McKay, best known as the director of comedies such as "Anchorman: The Legend of Ron Burgundy" and "Step Brothers," says that joke is "70 percent true and 30 percent joking."

When launched, it was rare in its combination of professionally created content (from Ferrell, McKay and their Hollywood friends) and user-generated videos that, if deemed funny enough by viewers, could compete with the pros.

It has had some mammoth hits, such as "The Landlord" (nearly 70 million views) and the beloved series "Between Two Ferns With Zach Galifianakis." It has often capitalized on the news cycle by rapidly creating timely videos. Videos submitted by users have been far less likely to find viral success, but McKay believes the contributions have gotten "way better."

"Funny or Die Presents" isn't the next "Saturday Night Live" - it's somewhat slight, unabashedly cheap programming. McKay describes it as "the least noted or developed TV show that's maybe ever been put on."

"The whole concept of 'Funny or Die' ... was the idea that people could have a place to put up whatever they wanted to put up with no notes and no filter," McKay says. "The TV show came out of that same spirit."

McKay was a writer at "Saturday Night Live" in the late 1990s. He has occasionally written sketches, including one performed by Tina Fey as Sarah Palin. In "Funny or Die Presents," he sees an unfiltered sketch show not beholden to network demands or audience expectations.

For frequent visitors to, the material on the HBO show will look familiar: Will Ferrell as Abraham Lincoln with Don Cheadle as Frederick Douglas in "Drunk History"; Rob Riggle and Paul Scheer in "Designated Driver"; Fred Willard in "Space Cats."

"It has an energy to it," says McKay. "There are some pieces that are brilliant and some that are kind of a mess. It feels really kind of free."

The show, produced by creative head Andrew Steele, is essentially a step in a direction toward longer-form material. McKay's goal is to transition the site further into TV and low-budget movies.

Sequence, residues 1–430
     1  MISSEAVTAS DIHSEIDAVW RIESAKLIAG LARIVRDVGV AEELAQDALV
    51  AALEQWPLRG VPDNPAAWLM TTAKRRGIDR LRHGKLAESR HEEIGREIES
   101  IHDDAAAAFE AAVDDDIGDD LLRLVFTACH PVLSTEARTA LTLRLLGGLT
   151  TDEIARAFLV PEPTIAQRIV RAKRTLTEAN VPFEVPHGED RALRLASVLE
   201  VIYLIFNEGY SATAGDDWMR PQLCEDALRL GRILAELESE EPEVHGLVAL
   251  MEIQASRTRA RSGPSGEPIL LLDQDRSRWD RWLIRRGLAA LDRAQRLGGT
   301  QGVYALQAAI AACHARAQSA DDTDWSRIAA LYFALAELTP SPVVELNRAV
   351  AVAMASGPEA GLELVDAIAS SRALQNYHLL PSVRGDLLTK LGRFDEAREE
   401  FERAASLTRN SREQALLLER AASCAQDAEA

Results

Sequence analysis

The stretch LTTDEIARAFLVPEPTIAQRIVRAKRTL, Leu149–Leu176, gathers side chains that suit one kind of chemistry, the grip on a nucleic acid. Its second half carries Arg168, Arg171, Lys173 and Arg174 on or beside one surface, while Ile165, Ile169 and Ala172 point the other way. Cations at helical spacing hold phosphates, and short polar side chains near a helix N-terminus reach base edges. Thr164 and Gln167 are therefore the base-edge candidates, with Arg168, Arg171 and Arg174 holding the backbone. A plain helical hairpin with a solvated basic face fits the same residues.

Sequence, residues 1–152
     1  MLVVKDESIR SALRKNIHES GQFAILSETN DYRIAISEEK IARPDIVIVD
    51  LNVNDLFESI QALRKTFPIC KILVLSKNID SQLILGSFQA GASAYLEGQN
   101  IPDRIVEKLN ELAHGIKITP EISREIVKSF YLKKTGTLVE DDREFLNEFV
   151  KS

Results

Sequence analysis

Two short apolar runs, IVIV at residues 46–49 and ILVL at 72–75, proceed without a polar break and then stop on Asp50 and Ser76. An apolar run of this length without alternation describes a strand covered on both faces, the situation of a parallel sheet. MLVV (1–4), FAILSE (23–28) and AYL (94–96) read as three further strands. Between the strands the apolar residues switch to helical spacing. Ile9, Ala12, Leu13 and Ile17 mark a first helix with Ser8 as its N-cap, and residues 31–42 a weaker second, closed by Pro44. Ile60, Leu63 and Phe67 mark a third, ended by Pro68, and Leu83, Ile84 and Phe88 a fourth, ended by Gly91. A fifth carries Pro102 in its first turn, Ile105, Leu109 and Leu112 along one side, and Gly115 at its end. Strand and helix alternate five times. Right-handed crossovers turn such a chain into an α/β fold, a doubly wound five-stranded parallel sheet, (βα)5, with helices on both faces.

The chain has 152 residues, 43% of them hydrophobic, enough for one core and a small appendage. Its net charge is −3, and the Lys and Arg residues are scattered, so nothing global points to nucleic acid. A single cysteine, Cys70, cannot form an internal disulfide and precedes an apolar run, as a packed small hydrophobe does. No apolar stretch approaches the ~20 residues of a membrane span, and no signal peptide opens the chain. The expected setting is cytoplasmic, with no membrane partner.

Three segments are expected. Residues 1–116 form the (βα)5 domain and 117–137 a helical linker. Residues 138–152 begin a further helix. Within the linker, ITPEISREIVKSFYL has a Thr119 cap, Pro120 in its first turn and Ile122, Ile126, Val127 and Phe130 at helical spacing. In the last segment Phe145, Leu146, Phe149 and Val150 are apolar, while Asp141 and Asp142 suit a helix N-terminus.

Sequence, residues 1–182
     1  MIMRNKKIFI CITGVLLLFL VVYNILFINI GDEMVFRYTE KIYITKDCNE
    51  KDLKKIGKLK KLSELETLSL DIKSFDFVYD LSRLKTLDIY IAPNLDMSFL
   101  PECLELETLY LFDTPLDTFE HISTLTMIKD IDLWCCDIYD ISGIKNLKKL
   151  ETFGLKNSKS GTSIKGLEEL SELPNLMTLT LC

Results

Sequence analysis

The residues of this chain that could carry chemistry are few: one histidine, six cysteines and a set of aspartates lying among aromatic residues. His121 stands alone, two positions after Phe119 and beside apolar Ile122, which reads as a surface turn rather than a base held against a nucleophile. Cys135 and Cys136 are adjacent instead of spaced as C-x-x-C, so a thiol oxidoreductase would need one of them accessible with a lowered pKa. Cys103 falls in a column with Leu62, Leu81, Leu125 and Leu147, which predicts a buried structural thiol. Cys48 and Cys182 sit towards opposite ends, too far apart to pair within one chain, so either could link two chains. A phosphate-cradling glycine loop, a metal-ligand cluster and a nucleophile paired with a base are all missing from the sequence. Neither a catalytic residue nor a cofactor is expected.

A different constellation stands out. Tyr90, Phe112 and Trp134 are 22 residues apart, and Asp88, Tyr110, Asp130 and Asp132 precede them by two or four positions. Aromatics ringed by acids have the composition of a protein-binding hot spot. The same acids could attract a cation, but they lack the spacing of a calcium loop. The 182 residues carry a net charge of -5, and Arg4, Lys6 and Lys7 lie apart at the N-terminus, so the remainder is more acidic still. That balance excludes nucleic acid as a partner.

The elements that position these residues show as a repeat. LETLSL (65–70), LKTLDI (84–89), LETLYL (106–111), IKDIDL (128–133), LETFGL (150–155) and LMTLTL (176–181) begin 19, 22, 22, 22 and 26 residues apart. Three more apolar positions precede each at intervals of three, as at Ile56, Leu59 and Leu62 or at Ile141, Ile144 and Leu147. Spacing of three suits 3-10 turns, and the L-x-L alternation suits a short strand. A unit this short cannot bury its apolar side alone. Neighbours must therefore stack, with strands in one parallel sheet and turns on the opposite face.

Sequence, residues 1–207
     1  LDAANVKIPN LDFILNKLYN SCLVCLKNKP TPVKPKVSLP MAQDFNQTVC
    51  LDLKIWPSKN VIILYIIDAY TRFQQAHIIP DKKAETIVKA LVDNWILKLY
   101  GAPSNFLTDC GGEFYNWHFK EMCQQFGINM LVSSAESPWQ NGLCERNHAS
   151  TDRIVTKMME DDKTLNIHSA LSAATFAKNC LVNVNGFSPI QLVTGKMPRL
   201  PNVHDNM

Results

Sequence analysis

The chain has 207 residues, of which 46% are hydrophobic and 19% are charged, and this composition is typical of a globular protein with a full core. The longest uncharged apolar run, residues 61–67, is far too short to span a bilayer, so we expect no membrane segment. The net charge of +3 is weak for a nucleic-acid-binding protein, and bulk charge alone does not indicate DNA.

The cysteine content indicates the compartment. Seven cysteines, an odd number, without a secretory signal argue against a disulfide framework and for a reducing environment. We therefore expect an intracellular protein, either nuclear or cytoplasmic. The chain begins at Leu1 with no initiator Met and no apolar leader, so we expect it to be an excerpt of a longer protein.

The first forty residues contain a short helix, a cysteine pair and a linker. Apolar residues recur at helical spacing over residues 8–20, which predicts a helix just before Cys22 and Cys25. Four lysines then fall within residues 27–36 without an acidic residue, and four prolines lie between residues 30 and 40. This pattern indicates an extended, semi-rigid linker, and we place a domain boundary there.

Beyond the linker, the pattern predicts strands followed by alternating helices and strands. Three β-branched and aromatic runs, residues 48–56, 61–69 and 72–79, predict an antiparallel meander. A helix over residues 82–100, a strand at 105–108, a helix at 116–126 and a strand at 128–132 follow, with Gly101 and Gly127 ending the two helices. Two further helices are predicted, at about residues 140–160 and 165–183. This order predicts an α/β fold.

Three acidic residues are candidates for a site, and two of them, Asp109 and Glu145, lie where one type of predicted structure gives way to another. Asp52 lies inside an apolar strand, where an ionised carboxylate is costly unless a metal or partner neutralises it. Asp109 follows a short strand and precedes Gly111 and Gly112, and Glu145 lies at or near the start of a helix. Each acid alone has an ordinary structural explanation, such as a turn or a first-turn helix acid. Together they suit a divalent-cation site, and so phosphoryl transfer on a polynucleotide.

"That's probably the next big step for 'Funny or Die' - to continue to sort of blend the two," says McKay.

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posted March 01, 2010 02:47 PM     Click Here to See the Profile for fred   Click Here to Email fred     Edit/Delete Message
The Future Won’t Be Free

By Andrew Zolli | NEWSWEEK

Published Feb 26, 2010

From the magazine issue dated Mar 8, 2010

Fifteen years and two careers ago, I, like a lot of young, aspiring digirati, migrated to New York to be part of what was to become the dotcom revolution. I worked in the new-media division of a well-regarded communications agency, designing and building Web sites for big corporate clients. Many of these sites were intended to give away huge amounts of content, and I toured the world, making countless speeches extolling the virtues of free-for-all online access. I generally got a warm reception.

In those days I frequently spouted Stewart Brand's maxim that "information wants to be free." And, like almost everyone else at the time, I was quoting only half of what he said. "On the one hand," Brand explained, "information wants to be expensive, because it's so valuable. The right information in the right place just changes your life. On the other hand, information wants to be free, because the cost of getting it out is getting lower and lower all the time. So you have these two fighting against each other." A nuanced thought like this was harder to paraphrase, and selling "free" made us seem like visionaries—radicals even. The fact that the grown-ups looked quizzically at our (largely absent) business models only confirmed how smart we thought we were.

Unfortunately, as we've seen since, for companies whose core product is content—like every newspaper and magazine you read, including this one—the idea that we Internet visionaries sold is a total load of crap. We persuaded executives to compete with themselves online by setting up Web sites that offered for free the same content their staffs labored so strenuously to produce and sell in their print publications. The theory was that companies were supposed to make back the money by, uh, "monetizing the attention economy," or some other similarly vaporous concept, that meant either charging customers later on, or selling advertisements, or both.

They bought in, and now the Internet is pulverizing them. Notice I didn't say "infotech" or "digital media" are doing the pulverizing—it's the Internet, specifically. Following our lead, companies have now trained a generation of young people to never, ever, ever expect to pay for content on a laptop or desktop. But this is not quite the apocalypse. Many new digital platforms are brewing, and early on in the development of each one there will be a battle for the business model—a fight to figure out who will pay. The advent of every new device is another chance to turn it all around.